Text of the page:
Sporadic CJD occurs in a random distribution all over the world, and has no known genetic or environmental cause. It apparently arises from a one-in-a-million spontaneous conversion of a normal cellular protein (encoded by a gene on chromosome 20) into an abnormal 3-dimensional shape, or configuration. Once converted, the abnormal molecule is thought in some way to compel normal molecules of newly synthesized protein to assume the same abnormal configuration, leading to aggregated deposits in and around cells of the central nervous system, and causing neuronal degeneration and symptomatic disease. Sporadic CJD chiefly affects people between 50 and 75 years of age, but can occur as early as adolescence, and as late as the 9th decade of life (by which time it may be mistaken as 'senility'). The age distribution of a large series of cases referred to the National Institutes of Health is shown in Figure 1.
A good history and physical examination are sufficient to make a correct diagnosis fairly early in the course of illness in nearly all patients with the typical features of CJD, and at least raise a suspicion in most patients with an atypical illness. However, we now have three laboratory tests that provide valuable assistance in difficult or uncertain cases.
The first of these tests, electroencephalography (EEG), has been used for many years as a supplementary examination in patients with neurological disease. In CJD, a periodic sharp wave pattern occurs in two thirds of cases, and in its most characteristic form of electrocardiogram-like regularity is seen in very few other diseases (Figure 4). A less definite but still suggestive periodic pattern is called ‘burst wave suppression’, in which short periods of comparative electrical silence are broken by a quick succession of sharp waves.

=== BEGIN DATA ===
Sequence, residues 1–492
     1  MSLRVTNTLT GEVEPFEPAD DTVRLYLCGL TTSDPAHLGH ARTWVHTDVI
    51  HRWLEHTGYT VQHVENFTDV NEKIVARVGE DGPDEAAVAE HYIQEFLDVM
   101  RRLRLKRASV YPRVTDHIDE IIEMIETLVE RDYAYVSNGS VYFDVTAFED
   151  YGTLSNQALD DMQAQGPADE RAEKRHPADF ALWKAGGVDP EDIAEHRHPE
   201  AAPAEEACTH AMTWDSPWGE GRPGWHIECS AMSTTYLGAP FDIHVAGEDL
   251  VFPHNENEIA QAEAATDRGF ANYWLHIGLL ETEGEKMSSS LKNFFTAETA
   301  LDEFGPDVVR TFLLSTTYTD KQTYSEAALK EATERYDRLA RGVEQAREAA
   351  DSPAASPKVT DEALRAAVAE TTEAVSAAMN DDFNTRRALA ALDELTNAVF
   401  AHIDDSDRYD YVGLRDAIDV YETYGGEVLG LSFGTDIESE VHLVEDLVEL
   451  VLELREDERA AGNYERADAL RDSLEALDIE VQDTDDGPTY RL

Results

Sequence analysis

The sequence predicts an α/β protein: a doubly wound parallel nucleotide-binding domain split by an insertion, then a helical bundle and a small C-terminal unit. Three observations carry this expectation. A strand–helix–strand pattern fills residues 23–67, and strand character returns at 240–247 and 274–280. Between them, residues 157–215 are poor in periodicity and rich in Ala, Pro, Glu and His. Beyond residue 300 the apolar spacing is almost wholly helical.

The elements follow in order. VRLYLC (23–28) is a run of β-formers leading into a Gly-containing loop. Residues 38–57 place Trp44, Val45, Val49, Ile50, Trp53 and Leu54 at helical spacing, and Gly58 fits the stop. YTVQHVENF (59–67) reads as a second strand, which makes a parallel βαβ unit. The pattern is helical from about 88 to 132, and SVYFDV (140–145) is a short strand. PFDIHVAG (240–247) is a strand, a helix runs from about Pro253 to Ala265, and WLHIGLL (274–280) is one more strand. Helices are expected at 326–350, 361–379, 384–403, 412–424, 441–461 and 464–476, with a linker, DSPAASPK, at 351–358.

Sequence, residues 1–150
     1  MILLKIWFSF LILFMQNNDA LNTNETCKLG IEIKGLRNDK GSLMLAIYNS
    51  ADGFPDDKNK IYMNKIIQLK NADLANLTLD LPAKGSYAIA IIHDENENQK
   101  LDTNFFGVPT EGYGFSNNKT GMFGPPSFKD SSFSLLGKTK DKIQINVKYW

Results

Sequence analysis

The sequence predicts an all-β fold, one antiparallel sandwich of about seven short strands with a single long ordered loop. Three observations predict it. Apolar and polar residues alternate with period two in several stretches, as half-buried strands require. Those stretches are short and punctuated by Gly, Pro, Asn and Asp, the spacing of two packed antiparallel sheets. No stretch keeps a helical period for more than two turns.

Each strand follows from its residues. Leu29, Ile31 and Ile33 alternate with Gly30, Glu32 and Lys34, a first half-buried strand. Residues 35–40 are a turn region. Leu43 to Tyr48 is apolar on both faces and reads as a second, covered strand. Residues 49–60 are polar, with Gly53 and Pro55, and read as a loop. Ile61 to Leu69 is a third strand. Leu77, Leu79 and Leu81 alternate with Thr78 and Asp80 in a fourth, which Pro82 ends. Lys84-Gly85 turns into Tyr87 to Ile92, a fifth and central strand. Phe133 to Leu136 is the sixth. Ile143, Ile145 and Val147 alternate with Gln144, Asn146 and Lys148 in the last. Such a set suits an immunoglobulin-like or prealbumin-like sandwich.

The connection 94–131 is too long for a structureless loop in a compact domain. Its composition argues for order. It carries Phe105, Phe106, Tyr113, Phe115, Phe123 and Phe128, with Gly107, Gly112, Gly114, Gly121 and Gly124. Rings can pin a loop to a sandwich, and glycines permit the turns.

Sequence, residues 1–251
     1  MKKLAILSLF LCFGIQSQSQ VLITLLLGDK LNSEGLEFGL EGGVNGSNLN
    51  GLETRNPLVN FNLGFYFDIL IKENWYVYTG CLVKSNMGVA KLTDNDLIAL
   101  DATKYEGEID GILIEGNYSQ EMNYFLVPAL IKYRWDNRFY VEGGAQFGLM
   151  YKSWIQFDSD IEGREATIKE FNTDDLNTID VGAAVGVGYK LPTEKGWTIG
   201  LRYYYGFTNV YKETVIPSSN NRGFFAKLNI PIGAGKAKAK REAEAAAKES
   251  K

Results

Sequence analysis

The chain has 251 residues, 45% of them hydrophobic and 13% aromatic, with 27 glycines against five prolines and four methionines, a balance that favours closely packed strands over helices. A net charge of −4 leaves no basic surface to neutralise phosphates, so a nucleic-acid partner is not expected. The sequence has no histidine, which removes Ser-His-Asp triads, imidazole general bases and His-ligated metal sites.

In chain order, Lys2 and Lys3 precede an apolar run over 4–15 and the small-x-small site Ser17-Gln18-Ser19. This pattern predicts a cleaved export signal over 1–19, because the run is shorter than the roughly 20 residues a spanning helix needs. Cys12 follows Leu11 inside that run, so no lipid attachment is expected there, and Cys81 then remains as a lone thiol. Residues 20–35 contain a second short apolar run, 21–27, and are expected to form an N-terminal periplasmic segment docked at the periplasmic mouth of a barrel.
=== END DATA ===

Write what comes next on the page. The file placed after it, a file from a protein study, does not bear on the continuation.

The second test requires a special analysis of the spinal fluid for the presence of a protein designated as ‘14-3-3’ that is released from damaged or dying nerve cells, and is detectable in over 90% of patients with CJD. As with the EEG, it is not entirely specific, and can be detected in some patients with other disorders such as viral encephalitis, the acute oxygen deficiency often associated with strokes, and Alzheimer’s disease. Apart from Alzheimer’s disease, these disorders can usually be easily distinguished from CJD by the clinical history and routine spinal fluid examination.
The third test, magnetic resonance imaging (MRI), has only recently been appreciated as a useful radiological aid to the diagnosis of CJD. In about 80% of cases, an increased signal can be seen to ‘light up’ the basal ganglia on one or both sides of the brain (Figure 5). Because radiologists are usually searching for asymmetrical radiological changes, the significance of these often bilateral bright spots was overlooked for many years. They may also be seen in cases of Wilson’s disease and in carbon monoxide poisoning, disorders that are readily distinguished clinically from CJD.
None of these tests is sensitive enough to identify every case of CJD, and none is entirely specific for the diagnosis (Table 2); however, if two or all three of them are positive, the diagnosis is virtually certain to be CJD, no matter how atypical the illness, and no matter what the clinical supposition. Because of the availability of this battery of laboratory tests, brain biopsy is no longer needed or advised in the diagnostic evaluation of suspected cases of CJD.